Alberta Premier Danielle Smith is leaving the door open to giving back pay to unvaccinated provincial employees who were laid off during the pandemic due to vaccine mandates.

The New York Supreme Court on Tuesday handed a massive victory to unvaccinated city workers by ordering the city to rehire those who were fired and give them back pay. 

In an interview on The Andrew Lawton Show set to be released Sunday, Lawton asked Smith whether retroactive pay will be part of the Alberta government’s response.

“Is that aspect of it something you would like to see in an Alberta response, retroactive pay for the time that these people would have been working, had they not been put out of work because of the mandate?” Lawton asked.

In response, Smith said she saw the New York decision and expects to see more court decisions “along those lines.” 

“I want us to be at the lead and making amends for some of the harms that were caused over the last two and a half years,” she told Lawton. 

“So I want to make sure that I’m doing things sort of in a legally appropriate way. And so I’m just going to wait until I get that legal advice, but I suspect we’re going to see more judgments like the one we just saw.” 

Smith already apologized to unvaccinated provincial workers who lost their jobs. At the United Conservative Party annual general meeting on Oct. 22, the new premier apologized and invited unvaccinated workers to return if they wished. 

During the pandemic, Alberta Health Services implemented a vaccine mandate and temporarily laid off unvaccinated employees. Some private businesses also required proof of vaccination from their employees.

In the three weeks since Smith won the Alberta premiership, she’s taken a strong stance on making amends to unvaccinated Albertans. In her first press conference after being sworn in as premier on Oct. 11, Smith said the unvaccinated are the most discriminated group in Canada that she’s witnessed in her lifetime.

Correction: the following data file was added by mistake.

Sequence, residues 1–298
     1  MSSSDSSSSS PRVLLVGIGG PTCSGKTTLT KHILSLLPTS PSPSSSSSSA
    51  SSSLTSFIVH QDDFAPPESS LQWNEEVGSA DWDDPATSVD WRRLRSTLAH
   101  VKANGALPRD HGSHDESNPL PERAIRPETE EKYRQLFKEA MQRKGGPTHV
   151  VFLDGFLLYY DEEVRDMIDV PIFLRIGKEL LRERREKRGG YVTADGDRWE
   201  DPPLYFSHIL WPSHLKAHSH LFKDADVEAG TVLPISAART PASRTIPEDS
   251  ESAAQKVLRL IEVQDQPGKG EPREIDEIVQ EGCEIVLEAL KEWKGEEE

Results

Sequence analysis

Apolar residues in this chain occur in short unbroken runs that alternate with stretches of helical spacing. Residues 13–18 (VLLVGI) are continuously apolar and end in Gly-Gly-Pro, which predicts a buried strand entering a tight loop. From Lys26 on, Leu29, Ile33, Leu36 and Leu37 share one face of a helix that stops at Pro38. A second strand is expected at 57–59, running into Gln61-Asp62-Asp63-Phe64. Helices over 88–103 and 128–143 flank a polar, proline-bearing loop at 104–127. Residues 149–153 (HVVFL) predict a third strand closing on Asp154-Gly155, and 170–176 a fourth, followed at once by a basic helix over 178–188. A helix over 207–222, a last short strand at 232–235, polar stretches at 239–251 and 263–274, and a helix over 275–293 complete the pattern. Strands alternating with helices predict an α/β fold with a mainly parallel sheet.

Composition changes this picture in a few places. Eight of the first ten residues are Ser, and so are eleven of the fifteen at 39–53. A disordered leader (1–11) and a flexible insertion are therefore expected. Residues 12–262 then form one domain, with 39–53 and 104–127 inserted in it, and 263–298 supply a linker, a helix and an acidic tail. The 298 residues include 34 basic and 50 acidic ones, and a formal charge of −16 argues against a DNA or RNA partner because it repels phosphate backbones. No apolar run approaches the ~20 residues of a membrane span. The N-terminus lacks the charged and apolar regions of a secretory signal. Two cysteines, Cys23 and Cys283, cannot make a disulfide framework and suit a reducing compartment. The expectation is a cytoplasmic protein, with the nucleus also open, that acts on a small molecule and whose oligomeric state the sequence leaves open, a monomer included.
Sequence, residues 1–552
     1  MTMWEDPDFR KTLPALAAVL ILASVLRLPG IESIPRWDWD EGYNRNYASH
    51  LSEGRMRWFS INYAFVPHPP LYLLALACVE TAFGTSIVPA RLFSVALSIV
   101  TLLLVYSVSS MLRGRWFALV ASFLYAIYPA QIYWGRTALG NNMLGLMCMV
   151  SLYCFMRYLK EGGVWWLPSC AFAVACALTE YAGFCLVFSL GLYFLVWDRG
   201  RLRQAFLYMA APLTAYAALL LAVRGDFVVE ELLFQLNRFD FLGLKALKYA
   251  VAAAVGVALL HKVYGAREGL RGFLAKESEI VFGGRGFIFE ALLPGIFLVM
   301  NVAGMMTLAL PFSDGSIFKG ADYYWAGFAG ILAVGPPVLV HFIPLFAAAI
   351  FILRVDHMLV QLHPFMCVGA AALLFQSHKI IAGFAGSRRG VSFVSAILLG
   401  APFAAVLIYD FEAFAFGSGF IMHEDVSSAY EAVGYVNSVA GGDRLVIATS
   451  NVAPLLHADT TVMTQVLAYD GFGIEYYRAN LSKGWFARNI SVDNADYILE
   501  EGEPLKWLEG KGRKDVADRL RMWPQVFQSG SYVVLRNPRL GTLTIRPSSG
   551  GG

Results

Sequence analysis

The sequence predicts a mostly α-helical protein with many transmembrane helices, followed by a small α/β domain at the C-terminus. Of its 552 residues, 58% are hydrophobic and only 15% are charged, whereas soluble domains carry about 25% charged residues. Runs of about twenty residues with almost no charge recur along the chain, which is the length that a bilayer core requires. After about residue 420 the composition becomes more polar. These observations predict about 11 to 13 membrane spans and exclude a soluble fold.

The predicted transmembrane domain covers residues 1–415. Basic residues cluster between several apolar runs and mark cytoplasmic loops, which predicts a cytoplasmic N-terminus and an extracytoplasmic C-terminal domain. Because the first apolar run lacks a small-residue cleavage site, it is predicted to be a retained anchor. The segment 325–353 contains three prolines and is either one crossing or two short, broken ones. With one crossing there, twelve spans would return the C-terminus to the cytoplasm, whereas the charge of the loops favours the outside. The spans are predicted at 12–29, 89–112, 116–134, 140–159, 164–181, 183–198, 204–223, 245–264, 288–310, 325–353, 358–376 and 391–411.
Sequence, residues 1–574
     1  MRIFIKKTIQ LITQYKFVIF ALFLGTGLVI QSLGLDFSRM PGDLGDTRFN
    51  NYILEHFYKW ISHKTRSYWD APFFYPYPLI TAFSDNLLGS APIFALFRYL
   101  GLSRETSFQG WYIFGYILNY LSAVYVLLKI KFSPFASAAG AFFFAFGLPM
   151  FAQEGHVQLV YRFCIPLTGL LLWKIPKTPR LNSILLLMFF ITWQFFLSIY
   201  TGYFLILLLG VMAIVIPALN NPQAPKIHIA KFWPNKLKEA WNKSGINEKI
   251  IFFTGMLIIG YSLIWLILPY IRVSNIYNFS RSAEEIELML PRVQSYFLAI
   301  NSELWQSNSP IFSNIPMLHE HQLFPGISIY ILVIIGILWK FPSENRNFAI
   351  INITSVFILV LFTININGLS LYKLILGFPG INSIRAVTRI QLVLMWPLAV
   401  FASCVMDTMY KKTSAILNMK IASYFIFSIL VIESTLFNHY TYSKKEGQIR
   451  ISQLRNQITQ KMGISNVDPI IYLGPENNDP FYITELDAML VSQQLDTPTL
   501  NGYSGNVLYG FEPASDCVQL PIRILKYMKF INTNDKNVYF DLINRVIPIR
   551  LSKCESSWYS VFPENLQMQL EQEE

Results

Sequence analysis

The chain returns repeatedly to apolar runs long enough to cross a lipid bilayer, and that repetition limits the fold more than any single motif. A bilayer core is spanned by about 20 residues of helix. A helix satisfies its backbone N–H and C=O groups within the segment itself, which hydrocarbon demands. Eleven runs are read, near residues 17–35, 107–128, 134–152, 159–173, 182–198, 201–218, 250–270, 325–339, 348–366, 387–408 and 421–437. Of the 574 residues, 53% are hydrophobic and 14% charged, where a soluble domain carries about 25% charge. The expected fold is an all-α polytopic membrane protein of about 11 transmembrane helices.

She also said her government will move ahead with amendments to the Alberta Human Rights Act to make it illegal to discriminate based on vaccination status. She warned businesses in an Oct. 20 address to the Edmonton Chamber of Commerce to get onside with the upcoming policy.  

Speaking to Lawton on Sunday’s show, Smith said she needs to consult with all government departments to find out how many staff were laid off over their vaccination status and how many returned to work. The premier said she’s heard that some businesses are still requiring Covid vaccines. 

“I think that that is the first of what may be several court decisions that end up causing a rethink on what has happened over the last two and a half years,” she said. 

Tune into the full episode of the The Andrew Lawton Show on Sunday at 10:00am MT.


  • Rachel Emmanuel

    Rachel is a seasoned political reporter who’s covered government institutions from a variety of levels. A Carleton University journalism graduate, she was a multimedia reporter for three local Niagara newspapers. Her work has been published in the Toronto Star. Rachel was the inaugural recipient of the Political Matters internship, placing her at The Globe and Mail’s parliamentary bureau. She spent three years covering the federal government for iPolitics. Rachel is the Alberta correspondent for True North based in Edmonton.